Uukwaluudhi Kingdom

Uukwaluudhi Kingdom

Northern Namibia is the home to Ovambo tribes. These tribes constitute the traditional Uukwaluudhi Kingdom.

Ovambo tribes are part of the Aawambo people who reside in central-northern Namibia and southern Angola. They originate from the area around the Great Lakes in East Africa.

These tribes migrated around the year 1550. Four of these groups went to the Kunene Province in southern Angola, while eight of them populated North Namibia. Most Namibians come from these tribes.

Ovambo tribes are Kwanyama, Ndonga, Kwambi, Nandyala, Kwaluudhi, and Mbalantu, and the smaller ones are Nkolonkadhi and Unda. The Owambo languages are Bantu in origin.

The capital of the Uukwaluudhi kingdom is Tsandi. This settlement lies some 30 km south of Outapi. Two kilometers from Tsandi is the location of the Uukwaluudhi Royal Homestead.

The homestead is mainly in a typical Ovambo style, but in 1978, a contemporary part for the king and his family was added. A mopane palisade surrounds the palace. It is large enough to be the home of the king, his family, and for guests. His palace, Ombala, reflects his wealth and status in the community.

In the group of eight tribes mentioned above, Uukwaluudhi is one of four that still has a king. The twelfth king is tatekulu, which means father, Josia Shikongo Taapopi. King Mwaala, his uncle, reigned for 50 years before him.

He adopted king Josia because a traditional royal line runs in the maternal side of the family. In this manner, King Mawaala made him a successor. That is why the latest king did not have to fight for the throne.

After the brick buildings were added and the royal family moved to them, the rest of the homestead was opened for visitors. Soon enough, it became a tourist attraction.

In front of the homestead is a large front yard. It is a reception area for people that visit the kingdom. The palisade surrounding the property is a massive wooden fence, and same wooden barriers are around each of the 36 segments of the homestead.

Moreover, each section has a precise purpose. Labyrinth of pathways and corridors once served to fend off enemies and wild animal attacks. Additionally, you can recognize the main entrance as a Y-shaped place in the barrier. There is also a step made of branches.

There is a section for the boys of the kingdom with separate storage huts — also, there is a particular cabin for warriors where they have meetings before battles or raids on cattle. On the other hand, Ooshoto or reception areas have a central fireplace and tree trunks that serve as benches. Separated are sections for junior and senior headmen and for the king and queen.

A part called the king’s shade is exceptionally beautiful. It has bird-plum trees with small, sweet eembe fruit. It is a calm and peaceful shelter from the hot Namibian sun. Beside it are the

King’s sleeping quarters. Air circulation for the hut is provided with gaps in the wood.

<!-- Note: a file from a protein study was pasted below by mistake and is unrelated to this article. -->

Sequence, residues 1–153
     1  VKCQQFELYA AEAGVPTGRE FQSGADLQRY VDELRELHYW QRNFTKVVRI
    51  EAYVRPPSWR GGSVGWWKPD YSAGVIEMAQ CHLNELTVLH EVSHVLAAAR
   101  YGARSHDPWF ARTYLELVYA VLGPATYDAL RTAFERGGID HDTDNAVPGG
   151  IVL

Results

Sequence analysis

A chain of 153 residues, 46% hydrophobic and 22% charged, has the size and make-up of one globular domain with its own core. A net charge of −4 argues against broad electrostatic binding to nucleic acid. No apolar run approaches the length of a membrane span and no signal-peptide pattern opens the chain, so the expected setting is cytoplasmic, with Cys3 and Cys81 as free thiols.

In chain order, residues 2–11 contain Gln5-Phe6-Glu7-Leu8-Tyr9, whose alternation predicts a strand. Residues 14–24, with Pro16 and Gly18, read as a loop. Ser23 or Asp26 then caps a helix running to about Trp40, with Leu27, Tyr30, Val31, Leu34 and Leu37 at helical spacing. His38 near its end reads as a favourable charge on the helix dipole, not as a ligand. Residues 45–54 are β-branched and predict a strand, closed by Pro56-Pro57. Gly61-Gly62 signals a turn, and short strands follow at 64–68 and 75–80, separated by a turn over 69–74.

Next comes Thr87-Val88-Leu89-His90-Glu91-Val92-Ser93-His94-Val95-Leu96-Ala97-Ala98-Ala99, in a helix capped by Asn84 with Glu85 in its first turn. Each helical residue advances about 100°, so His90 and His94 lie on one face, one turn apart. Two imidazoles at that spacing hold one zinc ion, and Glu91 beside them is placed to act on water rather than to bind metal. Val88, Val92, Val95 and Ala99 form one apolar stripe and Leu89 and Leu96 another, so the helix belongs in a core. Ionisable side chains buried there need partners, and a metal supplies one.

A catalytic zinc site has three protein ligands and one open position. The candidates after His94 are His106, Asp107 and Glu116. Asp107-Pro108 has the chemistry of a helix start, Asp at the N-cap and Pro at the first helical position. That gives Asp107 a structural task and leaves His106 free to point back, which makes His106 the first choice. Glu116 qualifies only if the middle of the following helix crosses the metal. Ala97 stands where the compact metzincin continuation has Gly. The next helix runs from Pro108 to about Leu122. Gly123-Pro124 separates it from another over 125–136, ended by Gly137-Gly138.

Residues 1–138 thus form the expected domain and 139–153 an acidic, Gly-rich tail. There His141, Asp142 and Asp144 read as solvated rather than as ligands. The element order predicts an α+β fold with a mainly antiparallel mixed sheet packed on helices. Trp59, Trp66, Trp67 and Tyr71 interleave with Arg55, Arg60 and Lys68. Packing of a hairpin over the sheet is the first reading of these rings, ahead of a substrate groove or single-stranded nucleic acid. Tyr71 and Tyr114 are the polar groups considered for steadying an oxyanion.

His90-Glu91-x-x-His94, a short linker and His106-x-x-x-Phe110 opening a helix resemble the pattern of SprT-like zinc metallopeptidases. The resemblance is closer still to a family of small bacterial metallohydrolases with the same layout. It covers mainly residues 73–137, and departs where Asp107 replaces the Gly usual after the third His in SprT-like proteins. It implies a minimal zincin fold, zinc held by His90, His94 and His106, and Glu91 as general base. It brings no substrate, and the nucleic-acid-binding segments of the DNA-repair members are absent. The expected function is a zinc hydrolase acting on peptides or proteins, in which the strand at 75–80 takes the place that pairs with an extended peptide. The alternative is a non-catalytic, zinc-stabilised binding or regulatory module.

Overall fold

Part of the estate is a traditional clinic and a storehouse with large corn baskets — eshisha. Also, a milk section is separated and supplied with a large container made of calabash, which they use to boil milk.

A traditional kitchen is very picturesque and has a smart layout. The cooking pot hangs over the fire, and clay pots are on the walls. On the other end are mortars fixed to the floor with large wooden pestles.

Next is a main receiving area. It is a part of the household where royalty would welcome visitors. It is equally crucial for meeting the official beginning of the marula season or other prominent occasions. The guests to this area are introduced to how to greet the king.

The proper way consists of moving forward on your knees, at the same time shaking hands while holding the right elbow with the left hand. Adequate greeting of the king also includes the appropriate name “tate kulu.”

And if one can’t kneel, a head nod with the handshake and greeting will suffice. In the same cases, for women, a knee-bend curtsey would be applied.

Looking at this maze of huts and corridors surrounded with thick palisades, you’d be quite grateful to have a guide to accompany you. By following someone who knows the corridors well, you’d be back at the reception area beside the main entrance in no time. In the vicinity of the homestead, and even in the courtyard itself, herds of various animals.The area is also ornate with proud and dazzling sunflowers growing against the trees’ palisade.

All in all, a visit to the Uukwaluudhi Royal Homestead in Tsandi awards you with an extraordinary cultural experience. Although, the times have changed, and the queen drives a car and has a job as a teacher at the local school now, this visit will bring you a taste of the old times. Royal residence with its customs, beliefs, composition, and the inclusion of the Ovambo-speaking people into it overwhelms.

So if you want to feel that history, learn from the first hand, and apprehend that simple, but unique living style, you will not pass out on the opportunity to tour to the Royal Homestead.